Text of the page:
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PALY Lituya Bay, Alaska

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PALY Lituya Bay, Alaska



Joel Johnson -bc-



Downloads include Version 9.7 and Version 10.35+ with Default Mesh or HD Mesh v3


NOTE: The addition of a bush strip and small tourist facility at this location is a fantasy inclusion to allow for sim operations in and out of this location, as it lies a fair distance from the nearest registered aerodrome or seaplane base. There is however a monument on the island in the real world!



Welcome to Lituya Bay, Alaska - Location of the largest tsunami ever recorded!


Lituya Bay is a fjord located on the Fairweather Fault in the northeastern part of the Gulf of Alaska. It is a T-shaped bay with a width of two miles (3 km) and a length of seven miles. Lituya Bay is an ice-scoured tidal inlet with a maximum depth of 220 m (722 ft). The narrow entrance of the bay has a depth of only 10 m (33 ft). The two arms that create the top of the T-shape of the bay are the Gilbert and Crillon inlets and are a part of a trench on the Fairweather Fault. In the past 150 years Lituya Bay has had three other tsunamis of over 100 ft: 1854 (395 feet), 1899 (200 feet) and 1936 (490 feet).


Near the crest of the Fairweather Mountains sit the Lituya and the North Crillon glaciers. They are each about 12 miles (19 km) long and one mile (1.6 km) wide with an elevation of 4000 ft (1,220 m). The retreats of these glaciers form the present T shape of the bay, the Gilbert and Crillon inlets.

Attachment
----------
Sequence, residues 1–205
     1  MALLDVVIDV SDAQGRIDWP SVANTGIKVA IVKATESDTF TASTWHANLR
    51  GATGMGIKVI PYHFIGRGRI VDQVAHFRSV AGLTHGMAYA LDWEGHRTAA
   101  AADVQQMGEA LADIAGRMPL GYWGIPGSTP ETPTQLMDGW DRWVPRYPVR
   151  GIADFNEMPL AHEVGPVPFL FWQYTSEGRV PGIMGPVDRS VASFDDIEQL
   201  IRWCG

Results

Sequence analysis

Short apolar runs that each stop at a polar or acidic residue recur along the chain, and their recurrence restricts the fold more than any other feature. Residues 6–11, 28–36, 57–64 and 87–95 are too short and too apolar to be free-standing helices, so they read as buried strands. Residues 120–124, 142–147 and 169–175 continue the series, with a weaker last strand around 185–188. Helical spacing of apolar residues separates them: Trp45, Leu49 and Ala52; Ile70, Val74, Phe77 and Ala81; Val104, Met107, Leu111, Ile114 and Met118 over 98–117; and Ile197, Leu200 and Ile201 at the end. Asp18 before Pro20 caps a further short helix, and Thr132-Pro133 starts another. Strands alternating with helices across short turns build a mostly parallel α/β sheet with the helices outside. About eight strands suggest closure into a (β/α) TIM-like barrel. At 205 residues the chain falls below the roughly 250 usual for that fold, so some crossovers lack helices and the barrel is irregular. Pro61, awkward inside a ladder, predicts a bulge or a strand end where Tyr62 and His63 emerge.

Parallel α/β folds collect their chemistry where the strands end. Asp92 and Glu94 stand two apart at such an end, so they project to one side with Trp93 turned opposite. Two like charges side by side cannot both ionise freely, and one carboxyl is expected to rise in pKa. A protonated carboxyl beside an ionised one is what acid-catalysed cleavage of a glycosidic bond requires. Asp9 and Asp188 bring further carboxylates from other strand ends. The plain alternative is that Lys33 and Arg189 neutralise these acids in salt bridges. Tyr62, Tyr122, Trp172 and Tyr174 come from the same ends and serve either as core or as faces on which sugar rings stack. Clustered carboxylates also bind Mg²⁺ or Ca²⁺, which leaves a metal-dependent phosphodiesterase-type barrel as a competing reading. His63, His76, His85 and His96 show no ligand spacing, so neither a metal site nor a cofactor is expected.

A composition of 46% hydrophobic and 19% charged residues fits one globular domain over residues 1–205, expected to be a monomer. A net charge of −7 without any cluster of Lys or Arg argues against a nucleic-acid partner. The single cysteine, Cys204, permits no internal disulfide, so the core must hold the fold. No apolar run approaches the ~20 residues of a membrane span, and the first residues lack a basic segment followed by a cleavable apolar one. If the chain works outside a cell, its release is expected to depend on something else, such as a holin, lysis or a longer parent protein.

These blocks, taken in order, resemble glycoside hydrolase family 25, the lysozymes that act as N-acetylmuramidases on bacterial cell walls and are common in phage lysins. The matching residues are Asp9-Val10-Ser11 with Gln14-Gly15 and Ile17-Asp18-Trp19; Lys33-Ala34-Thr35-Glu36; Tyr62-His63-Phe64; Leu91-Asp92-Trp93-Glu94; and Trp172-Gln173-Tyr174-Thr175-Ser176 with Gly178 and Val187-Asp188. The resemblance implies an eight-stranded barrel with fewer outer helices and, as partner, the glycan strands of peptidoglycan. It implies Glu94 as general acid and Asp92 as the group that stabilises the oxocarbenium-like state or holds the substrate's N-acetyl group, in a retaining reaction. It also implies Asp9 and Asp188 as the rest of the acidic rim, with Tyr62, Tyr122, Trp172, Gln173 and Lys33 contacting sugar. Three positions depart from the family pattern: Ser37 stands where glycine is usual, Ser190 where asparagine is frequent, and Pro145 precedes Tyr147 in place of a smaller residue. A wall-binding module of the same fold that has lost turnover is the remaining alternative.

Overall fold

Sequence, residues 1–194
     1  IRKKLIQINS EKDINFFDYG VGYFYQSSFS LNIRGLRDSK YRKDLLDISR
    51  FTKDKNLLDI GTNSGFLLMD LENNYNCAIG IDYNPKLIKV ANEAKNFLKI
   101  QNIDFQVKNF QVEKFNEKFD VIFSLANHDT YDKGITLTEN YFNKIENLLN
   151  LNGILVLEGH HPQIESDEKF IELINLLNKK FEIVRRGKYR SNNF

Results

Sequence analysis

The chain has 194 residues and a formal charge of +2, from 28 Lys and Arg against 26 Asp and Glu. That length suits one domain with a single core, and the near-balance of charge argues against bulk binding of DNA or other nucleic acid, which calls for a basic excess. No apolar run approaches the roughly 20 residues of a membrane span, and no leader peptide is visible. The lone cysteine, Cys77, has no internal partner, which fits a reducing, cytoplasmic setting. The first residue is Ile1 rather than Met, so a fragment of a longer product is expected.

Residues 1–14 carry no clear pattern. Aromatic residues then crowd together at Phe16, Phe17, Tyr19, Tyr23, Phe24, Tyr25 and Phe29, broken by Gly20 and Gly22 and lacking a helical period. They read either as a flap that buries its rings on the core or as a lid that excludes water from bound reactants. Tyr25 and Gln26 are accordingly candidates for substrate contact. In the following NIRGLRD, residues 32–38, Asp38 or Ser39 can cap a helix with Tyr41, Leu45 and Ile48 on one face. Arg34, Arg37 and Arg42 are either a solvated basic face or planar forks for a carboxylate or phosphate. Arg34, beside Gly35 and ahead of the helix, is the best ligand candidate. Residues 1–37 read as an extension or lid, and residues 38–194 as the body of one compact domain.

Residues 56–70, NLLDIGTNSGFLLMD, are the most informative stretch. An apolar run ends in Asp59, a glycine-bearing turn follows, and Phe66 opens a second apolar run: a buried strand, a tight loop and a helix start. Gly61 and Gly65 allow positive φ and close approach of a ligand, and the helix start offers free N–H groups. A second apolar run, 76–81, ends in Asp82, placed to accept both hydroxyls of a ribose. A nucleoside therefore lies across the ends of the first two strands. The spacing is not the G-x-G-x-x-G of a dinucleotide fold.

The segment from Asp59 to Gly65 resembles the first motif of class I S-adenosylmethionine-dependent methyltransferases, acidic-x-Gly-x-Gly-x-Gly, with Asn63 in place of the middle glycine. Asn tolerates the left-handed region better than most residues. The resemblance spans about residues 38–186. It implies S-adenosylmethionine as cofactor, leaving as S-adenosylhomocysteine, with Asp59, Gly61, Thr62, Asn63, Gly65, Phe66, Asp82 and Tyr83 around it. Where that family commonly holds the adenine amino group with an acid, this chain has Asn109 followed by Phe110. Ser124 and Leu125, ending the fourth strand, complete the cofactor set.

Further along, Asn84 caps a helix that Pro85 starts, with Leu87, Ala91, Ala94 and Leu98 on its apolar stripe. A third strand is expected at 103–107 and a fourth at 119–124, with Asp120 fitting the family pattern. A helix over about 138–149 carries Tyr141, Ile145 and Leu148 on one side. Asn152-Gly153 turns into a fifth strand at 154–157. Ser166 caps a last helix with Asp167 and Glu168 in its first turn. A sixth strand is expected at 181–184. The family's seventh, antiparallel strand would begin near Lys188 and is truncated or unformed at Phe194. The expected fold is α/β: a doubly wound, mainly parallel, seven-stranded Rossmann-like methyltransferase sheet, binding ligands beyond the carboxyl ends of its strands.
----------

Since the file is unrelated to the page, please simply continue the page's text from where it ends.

The 1958 Lituya Bay megatsunami occurred on July 9 at 10:15:58 p.m. with a moment magnitude of 7.8 and a maximum Mercalli Intensity of XI (Extreme). The event took place on the Fairweather Fault and triggered a landslide that caused 30 million cubic metres of rock and ice to fall into the narrow inlet of Lituya Bay, Alaska. The sudden displacement of water resulted in a megatsunami that destroyed vegetation up to 525 m (1,722 ft) above the height of the bay and a wave that traveled across the bay with a crest reported by witnesses to be on the order of 30 m (100 ft) in height. This is the most significant megatsunami and the largest known in modern times. The event forced a re-evaluation of large wave events, and recognition of impact and landslide events as a previously unknown cause of very large waves.

Sources (Excerpts): Wikipedia


An interesting video from two survivors of the 1/3 mile high wave in Lituya Bay.





Developed land and float facilities at Cenotaph Island in the middle of the bay.

550 foot (167 meter) 'beach' landing strip.

Docking for float planes.

Small, rustic tourist facilities for small groups (day trip only)

Monument - center Island

Charts, Maps & Eula with credits in the Documents Folder.




X-Plane Version 9.7 (20 MB)




X-Plane Version 10.35+ with Default or HD Mesh (20 MB)




Libraries Required For This Package:

























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